This one's a bit strange so bear with me:
I'm seeing extreme insert performance degradation after an insert was interrupted in a dirty fashion (the transaction was not committed and the connection was not closed properly).
Pre incident, insert performance was roughly 100m rows/hour with 500k batches (about 20 seconds/batch).
Post incident, batch inserts with more than ~80k rows will never complete (left it running for more than a day) whereas an insert with 20k rows completes in ~95 seconds but that results in an insert performance of only around 18m rows/hour. The machine the SQL server is installed on does not experience any load. As far as I can tell the server is idling.
What trips me up about this is that dropping the database or even reinstalling the server instance does not resolve the issue. I simply can't reproduce the performance I was seeing pre incident. On top of that, I had observed this exact phenomenon with Azure SQL instances, except that dropping the database "solved" the issue there.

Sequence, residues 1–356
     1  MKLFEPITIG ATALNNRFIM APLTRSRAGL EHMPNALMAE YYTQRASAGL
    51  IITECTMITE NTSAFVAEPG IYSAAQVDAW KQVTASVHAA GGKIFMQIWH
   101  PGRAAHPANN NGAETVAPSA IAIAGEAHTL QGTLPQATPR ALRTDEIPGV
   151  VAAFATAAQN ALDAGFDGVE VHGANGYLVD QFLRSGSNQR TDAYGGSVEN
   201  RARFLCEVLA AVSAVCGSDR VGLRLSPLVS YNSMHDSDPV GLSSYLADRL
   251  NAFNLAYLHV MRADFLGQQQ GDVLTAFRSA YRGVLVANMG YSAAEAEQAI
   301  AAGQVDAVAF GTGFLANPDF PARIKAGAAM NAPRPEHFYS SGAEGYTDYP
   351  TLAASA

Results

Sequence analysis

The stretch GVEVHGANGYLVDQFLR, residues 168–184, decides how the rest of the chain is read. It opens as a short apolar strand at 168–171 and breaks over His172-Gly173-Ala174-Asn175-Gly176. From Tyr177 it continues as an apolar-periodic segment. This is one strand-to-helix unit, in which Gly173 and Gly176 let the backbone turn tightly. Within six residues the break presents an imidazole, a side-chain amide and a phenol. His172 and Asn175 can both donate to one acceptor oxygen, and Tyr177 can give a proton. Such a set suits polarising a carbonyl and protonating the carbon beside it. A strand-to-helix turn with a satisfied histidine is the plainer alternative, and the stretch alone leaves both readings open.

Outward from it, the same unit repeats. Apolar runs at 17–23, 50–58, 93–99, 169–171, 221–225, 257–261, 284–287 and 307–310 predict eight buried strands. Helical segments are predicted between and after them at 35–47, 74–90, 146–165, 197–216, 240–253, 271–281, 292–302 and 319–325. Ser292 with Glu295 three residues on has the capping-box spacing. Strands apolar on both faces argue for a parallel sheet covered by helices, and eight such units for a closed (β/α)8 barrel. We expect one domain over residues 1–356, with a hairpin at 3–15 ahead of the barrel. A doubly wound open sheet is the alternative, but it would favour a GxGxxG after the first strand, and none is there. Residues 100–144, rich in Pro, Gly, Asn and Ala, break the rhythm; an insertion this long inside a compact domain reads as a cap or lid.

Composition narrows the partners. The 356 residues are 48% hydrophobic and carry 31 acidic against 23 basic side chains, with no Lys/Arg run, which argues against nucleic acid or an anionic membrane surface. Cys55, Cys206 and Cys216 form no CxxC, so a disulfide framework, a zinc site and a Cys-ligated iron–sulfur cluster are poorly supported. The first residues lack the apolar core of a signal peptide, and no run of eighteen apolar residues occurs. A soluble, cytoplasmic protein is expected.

The way this issue presents itself indicates that the problem is not actually with the SQL server but rather on the insert side / the driver. However I've tested basically all possible ways to connect to a MS SQL instance from python with the same result.
The SQL Server 2017 instance is updated and running on a fairly powerful dedicated machine with NVMe drives located in the same datacenter as the client machine.
The inserts are executed using:
- ubuntu 16.04
- Python 2.7
- pyodbc 4.0.23 (also tested pymssql+freetds and pypyodbc)
- Microsoft ODBC driver 220.127.116.11